The author sees the Emerald Tablet as the original and major text of esotericism and when its secrets are unraveled, both spiritual and material alchemy belong to your abilities. And so Hauck traces the Emerald Tablet through the ages and regions of the world. Along with that journey Hauck tells about alchemists, Hermetists, old and contemporary. Also he has information about more general spiritual development and comes with meditation practices and the like. He also uses the phases of alchemy to explain phases in spiritual growth and each phase gets an autobiographical story. More interesting (to me) is that he also explains a few alchemical drawings (mostly from Atalanta Fugiens) at length, pointing at details that I never noticed. read more

Atlantis And The Cycles Of Time – Joscelyn Godwin (2010)

Some ‘light literature’, suggestion of a friend. This is mostly because Guénon is on the cover.

“Atlantis”, you get it. Godwin searched the literature of the ages to find out what was written about Atlantis (and Lemuria). He starts with “Atlantis of the Rationalists” and deals with scholarly investigations of when and where Atlantis would have been found. This part is amusing, but not extremely interesting.
Next up is the “French esoteric Tradition” with the likes of Fabre d’Olivet, Papus and Schuré. These are followed by “H.P. Blavatsky and the Early Theosophists”, “later Theosophists”, “Germanic Anthology” (mostly so-called “Ariosophists” and then we have “Two Traditionalists”, Gueénon and Evola. “The Britons” are followed by “Some Independents” (not influenced by earlier literature). The last group of Atlantic investigators are New Age channelers and spiritualists.
Godwin closes with the second part of his title, the idea that the world develops in cycles. These are the four declining cycles of the Traditionalists, but there are other theories. We learn a bit about how long which cycle lasted or lasts and the (big) differences between the different theories. Of course also the end of the world is written about. A connected subject forms the end of the book “The Precession of the Equinoxes”.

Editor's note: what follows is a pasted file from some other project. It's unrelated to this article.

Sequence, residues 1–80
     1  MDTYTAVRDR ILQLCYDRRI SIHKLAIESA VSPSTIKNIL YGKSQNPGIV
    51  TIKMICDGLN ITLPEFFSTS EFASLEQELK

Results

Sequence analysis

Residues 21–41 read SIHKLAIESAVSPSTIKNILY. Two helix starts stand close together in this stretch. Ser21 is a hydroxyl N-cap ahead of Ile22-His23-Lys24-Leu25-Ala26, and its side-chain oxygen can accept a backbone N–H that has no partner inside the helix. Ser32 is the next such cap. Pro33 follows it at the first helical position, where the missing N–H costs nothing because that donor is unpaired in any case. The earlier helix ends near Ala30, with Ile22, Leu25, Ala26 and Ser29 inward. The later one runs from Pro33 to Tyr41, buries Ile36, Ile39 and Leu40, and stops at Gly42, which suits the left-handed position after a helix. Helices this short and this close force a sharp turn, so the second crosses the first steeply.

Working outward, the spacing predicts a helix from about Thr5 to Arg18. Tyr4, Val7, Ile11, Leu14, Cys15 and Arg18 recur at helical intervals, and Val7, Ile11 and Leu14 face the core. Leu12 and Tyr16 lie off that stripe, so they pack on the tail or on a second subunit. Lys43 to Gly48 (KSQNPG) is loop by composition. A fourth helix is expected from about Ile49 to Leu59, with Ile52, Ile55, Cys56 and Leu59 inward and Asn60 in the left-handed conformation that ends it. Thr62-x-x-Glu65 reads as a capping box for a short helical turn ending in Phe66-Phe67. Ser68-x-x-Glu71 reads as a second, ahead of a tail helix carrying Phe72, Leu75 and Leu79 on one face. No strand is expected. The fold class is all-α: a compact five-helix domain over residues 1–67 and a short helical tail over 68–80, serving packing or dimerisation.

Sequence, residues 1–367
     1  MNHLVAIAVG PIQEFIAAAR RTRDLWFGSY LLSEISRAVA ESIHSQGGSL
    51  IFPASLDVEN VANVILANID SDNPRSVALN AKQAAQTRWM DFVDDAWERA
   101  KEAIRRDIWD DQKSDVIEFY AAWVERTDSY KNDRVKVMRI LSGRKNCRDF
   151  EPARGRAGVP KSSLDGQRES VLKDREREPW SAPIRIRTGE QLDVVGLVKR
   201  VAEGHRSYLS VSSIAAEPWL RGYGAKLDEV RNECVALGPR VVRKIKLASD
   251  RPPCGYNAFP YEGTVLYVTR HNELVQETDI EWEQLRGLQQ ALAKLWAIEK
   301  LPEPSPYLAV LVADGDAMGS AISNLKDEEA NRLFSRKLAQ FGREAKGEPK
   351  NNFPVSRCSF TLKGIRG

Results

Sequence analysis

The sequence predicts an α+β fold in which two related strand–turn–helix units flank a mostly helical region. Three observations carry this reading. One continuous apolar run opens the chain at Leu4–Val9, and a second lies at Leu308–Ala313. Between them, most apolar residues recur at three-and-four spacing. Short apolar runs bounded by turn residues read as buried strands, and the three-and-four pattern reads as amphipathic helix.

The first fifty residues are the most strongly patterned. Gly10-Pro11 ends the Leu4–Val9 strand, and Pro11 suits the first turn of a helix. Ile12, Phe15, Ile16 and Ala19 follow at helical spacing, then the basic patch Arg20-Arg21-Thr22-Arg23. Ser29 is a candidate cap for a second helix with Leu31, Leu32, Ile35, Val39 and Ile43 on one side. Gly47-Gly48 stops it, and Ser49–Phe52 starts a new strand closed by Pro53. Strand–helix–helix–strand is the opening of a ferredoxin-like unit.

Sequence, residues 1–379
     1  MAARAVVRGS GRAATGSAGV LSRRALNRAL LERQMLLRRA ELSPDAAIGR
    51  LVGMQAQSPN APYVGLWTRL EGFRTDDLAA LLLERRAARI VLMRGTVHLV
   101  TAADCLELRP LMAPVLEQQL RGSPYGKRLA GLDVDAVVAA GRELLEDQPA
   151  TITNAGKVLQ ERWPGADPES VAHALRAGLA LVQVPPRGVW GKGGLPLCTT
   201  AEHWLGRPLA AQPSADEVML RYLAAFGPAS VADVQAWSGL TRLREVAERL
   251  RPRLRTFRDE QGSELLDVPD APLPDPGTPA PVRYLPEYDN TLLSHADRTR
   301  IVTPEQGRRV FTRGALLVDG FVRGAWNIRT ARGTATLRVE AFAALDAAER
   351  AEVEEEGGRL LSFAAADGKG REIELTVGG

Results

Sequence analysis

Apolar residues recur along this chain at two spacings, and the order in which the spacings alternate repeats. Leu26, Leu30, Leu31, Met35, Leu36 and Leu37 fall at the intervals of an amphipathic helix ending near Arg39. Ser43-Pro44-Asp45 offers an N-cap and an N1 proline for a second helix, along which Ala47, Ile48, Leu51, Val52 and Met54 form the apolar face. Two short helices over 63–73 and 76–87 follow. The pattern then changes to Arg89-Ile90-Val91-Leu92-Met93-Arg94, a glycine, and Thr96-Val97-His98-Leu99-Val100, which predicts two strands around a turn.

The book makes an alright read. I am not so much interested in the theories about Atlantis, but the author manages to put the writers of these ideas and their theories in the perspective of their thinking and the lineage (or the lack thereof) of that thinking. This biographical information about (relatively) famous and obscure authors is what I mostly enjoyed about the book. Godwin writes with humour and critique in his always accessible style. read more

Asatru – Henning Andreas Klövekorn (2013)

I actually do not know how it comes that it took me almost two years to get Klövekorn’s other book. Previously I reviewed his book about Freemasonry.

Like the later edition of the Freemasonry book, Asatru is available as a cheap print-on-demand book. The author surely does not want hindrances for people to obtain his writings.

Besides being a Freemason, Klövekorn is ‘Asatruar’, a “gothi” even. The author was born in Germany, lived in South Africa, but I think it was in Australia (where he still lives) that he started to pursue the path of Asatru. The little book of 226 pages makes a somewhat shallow introduction into the subject. As there are not many writings of contemporary heathens, this is good for people who are looking for first info, but less so for people who hoped for more in depth insides.

There are quite a couple of negative things to say about the book. Klövekorn uses the term “Asatru” as a very general term but I do not know if a new reader will know it is but an umbrella term. What always stings me a bit, is that Klövekorn uses the same term to refer to the religion of old. So people who lived centuries back, were also “Asatruars” while the term is only a few decades old. Even Stonehenge is an Asatru monument to Klövekorn, so the generalisation also crosses cultures.

Then there is the fact that the author is very loose with his retellings of myths and sagas. Odin made his spear Gungir himself from a branch of Yggdrasil. Eh? Also Odin was blown into the same tree by a strong wind and hung there for nine days head-down. Eh?
Oftentimes I have the idea that Klövekorn wrote the book by heart without cross-checking too much. read more

Studies On Traditional Freemasonry – Fabio Venzi (2013)

I ran into a Traditionalist Freemason! Fabio Venzi is an Italian Freemason (Grandmaster of the Gran Loggia Regolare d’Italia at the time of writing) who saw a few books being made available in English. The original title of this 2012 book is Introduzione alla Massoneria so the translators were aware of the Traditionalistic content of the book.

Venzi wrote a highly interesting work that is ‘very Traditionalistic’. The author has this authoritarian tone and disdain for ‘lesser’ ways of working that we also find with other Traditionalists. He quotes Guénon and Evola extensively (and hence is not afraid for Evola’s bad name), but he certainly is no slavish follower. Would he have been a slavish follower of Guénon, he probably would not have been a Freemason to start with. He shows himself an independent thinker when he proves not to be afraid of citing an author such as Charles Leadbeater.

What makes the book particularly interesting, though, is that Venzi quotes country mates of his, some of whom I never encountered in English before. I am mostly thinking of Arturo Reghini. But also Evola and even Mircea Eliade are quoted from Italian titles that I do not immediately know an English counterpart of.